Do movie companies have the upper hand in this upfront?
While networks have been circling the wagons around the deal-making viewer metric of commercial ratings and three days of DVR playback usage, all admit they will have to make some concessions in this upfront when it comes to movie companies.
Few would demand enforcement of the three-day rule for a movie commercial that runs on Thursday night for a movie opening the next day.
Many networks can ill afford to get on the wrong side of the business that contributes hundreds of millions into the coffers of network advertising sales -- at rates that are far higher than any other category.
Here’s another reason to tread easy: While there may be good creative for some individual consumer products, none are as consistently entertaining as a movie trailer. That could give movie companies a leg up -- especially in a world that looks at commercial ratings, not TV program ratings. It could help a network sell other commercials that follow a movie commercial.
For movie companies, the focus is the highly prized and priced “A” commercial position -- the first commercial that runs in a commercial pod.
Some analysts might deem those movie spots as the better lead-in for other commercials that follow -- in the “B,” “C,” “D” commercial positions, for example. More boring creative -- whether for toilet bowl cleaners, financial services, or bowler hats -- would fight to run right after movie spots.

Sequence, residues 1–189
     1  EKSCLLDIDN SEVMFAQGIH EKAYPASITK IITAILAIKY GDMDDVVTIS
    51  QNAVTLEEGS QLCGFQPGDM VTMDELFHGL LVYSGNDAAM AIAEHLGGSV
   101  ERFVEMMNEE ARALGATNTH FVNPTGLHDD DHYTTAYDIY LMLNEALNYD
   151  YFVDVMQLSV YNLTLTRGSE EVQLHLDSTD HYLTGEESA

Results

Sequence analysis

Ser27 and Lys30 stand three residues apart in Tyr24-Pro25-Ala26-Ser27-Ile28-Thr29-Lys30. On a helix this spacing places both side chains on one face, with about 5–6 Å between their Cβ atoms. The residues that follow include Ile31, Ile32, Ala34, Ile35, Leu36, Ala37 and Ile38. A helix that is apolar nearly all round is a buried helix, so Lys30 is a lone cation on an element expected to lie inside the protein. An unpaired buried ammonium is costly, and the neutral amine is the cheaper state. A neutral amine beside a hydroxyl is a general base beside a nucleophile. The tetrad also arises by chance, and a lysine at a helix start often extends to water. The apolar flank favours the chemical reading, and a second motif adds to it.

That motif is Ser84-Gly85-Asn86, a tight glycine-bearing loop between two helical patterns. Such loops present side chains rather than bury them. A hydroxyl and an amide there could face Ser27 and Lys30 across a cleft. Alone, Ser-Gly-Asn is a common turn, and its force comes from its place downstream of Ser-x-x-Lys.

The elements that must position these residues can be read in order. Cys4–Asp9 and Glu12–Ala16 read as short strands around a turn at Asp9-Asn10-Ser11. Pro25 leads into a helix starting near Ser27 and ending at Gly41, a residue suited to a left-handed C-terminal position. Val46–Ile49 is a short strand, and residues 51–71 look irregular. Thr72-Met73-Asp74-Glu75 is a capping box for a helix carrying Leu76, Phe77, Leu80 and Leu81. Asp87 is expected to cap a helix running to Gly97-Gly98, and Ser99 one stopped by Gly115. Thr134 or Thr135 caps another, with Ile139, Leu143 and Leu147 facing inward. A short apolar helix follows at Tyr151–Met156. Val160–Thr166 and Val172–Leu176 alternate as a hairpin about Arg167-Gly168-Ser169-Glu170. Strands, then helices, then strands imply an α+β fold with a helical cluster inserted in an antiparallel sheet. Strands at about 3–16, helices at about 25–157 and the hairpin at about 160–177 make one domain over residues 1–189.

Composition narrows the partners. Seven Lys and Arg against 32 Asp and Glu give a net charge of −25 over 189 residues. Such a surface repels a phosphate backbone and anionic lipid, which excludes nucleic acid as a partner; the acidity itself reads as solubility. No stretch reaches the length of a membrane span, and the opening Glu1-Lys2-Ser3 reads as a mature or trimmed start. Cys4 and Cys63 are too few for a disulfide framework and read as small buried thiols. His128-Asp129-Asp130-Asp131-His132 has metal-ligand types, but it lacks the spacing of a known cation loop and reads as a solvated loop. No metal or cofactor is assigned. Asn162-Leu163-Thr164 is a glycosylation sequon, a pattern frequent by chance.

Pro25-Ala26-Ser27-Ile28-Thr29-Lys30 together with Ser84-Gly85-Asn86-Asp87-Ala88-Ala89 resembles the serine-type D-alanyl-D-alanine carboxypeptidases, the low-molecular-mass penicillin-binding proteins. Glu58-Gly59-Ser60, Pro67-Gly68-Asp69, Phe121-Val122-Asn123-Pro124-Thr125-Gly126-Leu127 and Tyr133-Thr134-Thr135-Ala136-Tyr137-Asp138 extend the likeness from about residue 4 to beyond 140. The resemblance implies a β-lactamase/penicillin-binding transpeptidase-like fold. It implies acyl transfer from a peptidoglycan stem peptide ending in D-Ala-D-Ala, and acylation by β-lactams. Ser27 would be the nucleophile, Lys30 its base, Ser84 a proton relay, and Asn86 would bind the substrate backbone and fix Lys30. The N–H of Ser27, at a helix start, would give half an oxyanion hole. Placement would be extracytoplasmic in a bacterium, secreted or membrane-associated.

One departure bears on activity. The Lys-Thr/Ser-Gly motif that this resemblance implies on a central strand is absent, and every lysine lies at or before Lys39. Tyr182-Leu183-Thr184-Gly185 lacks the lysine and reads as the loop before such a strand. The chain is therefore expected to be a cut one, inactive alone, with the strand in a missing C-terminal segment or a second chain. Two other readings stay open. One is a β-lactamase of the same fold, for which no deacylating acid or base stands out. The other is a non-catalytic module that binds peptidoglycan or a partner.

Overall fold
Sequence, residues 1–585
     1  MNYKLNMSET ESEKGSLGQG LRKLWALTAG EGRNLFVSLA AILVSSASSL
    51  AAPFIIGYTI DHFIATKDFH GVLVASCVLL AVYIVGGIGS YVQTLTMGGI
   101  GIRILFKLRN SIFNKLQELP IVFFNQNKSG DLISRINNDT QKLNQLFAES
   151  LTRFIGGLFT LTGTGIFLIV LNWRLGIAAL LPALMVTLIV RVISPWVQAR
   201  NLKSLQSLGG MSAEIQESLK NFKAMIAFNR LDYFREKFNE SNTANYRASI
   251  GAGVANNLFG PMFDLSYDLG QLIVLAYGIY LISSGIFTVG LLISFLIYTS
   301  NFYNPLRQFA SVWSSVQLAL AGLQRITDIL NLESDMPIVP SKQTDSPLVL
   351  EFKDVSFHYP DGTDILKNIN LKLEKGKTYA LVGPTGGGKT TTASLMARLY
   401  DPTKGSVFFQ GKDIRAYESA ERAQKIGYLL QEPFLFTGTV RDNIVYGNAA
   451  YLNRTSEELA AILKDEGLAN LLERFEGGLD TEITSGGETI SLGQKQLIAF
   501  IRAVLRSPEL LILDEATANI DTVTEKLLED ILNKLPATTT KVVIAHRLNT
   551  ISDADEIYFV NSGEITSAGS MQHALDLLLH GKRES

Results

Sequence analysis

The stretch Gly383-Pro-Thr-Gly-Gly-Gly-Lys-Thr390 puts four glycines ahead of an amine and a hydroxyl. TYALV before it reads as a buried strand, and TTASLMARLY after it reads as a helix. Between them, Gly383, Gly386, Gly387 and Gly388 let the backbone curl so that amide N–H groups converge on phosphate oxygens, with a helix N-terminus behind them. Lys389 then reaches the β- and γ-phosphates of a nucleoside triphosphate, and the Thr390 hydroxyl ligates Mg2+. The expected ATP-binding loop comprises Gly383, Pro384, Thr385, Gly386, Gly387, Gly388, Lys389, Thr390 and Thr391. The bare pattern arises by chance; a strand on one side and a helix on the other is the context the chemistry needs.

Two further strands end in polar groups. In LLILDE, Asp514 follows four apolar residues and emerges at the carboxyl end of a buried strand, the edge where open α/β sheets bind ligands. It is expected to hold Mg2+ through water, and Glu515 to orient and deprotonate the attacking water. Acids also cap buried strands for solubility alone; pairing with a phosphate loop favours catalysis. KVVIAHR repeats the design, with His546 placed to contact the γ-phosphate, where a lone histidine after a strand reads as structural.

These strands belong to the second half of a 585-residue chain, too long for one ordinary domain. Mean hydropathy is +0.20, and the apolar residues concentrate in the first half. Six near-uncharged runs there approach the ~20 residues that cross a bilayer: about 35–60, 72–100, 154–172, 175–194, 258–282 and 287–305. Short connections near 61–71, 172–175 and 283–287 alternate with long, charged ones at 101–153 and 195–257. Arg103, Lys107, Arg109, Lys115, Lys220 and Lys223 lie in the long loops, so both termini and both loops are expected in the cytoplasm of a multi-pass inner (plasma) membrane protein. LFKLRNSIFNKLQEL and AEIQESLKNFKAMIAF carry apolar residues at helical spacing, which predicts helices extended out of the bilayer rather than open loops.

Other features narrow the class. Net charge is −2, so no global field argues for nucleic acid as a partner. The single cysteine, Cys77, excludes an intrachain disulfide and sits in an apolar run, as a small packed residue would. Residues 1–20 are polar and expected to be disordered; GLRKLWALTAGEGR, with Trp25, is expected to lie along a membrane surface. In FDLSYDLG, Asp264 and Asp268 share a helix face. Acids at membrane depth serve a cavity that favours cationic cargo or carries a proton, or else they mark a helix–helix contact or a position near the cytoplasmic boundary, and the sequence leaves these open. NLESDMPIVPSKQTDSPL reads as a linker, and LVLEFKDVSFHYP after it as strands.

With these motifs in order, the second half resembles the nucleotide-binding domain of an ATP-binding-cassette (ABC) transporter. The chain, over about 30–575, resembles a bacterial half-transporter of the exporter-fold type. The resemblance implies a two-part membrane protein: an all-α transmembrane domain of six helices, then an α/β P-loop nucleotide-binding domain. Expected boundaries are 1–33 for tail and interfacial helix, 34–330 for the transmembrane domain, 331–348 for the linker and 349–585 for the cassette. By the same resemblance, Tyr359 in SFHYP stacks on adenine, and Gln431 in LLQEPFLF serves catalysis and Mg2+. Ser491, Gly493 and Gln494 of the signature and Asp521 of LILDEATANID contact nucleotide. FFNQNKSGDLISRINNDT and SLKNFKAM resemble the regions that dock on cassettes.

Movie companies have another advantage because they are typically the first advertising category -- along with automobiles -- to strike deals in the upfront. Networks like to set TV commercials rates high, and movie companies, because of their ever-changing media plans, pay more for the privilege.
Media buyers say one network, ABC, has been pitching combination deals --where the first two or three weeks of a movie campaign is guaranteed, on average, commercial ratings plus seven days of DVR playback, while the last week of the campaign, right before the movie opens, could be sold on a commercial rating plus same day. Media executive worry that doing media posts this way will get that much more complicated to sort out.
Still another scenario, according to a movie marketing executive at a large studio, could have a network guaranteeing different metrics leading up to a movie’s opening on a particular Friday -- say live plus three days on a Monday before a movie opening; then live plus two days on Tuesday, then live plus one day on Wednesday, and so on.
Are movie companies ready to move this week? Yes, but the networks might not be ready. “No one has asked me to cancel my Memorial Day plans,” said one executive, a usual indication the networks are in no rush, meaning perhaps a long, hot summer.
But for film companies, it could also mean a long, dramatic fall, with many of their commercials running right next to prime-time TV programming.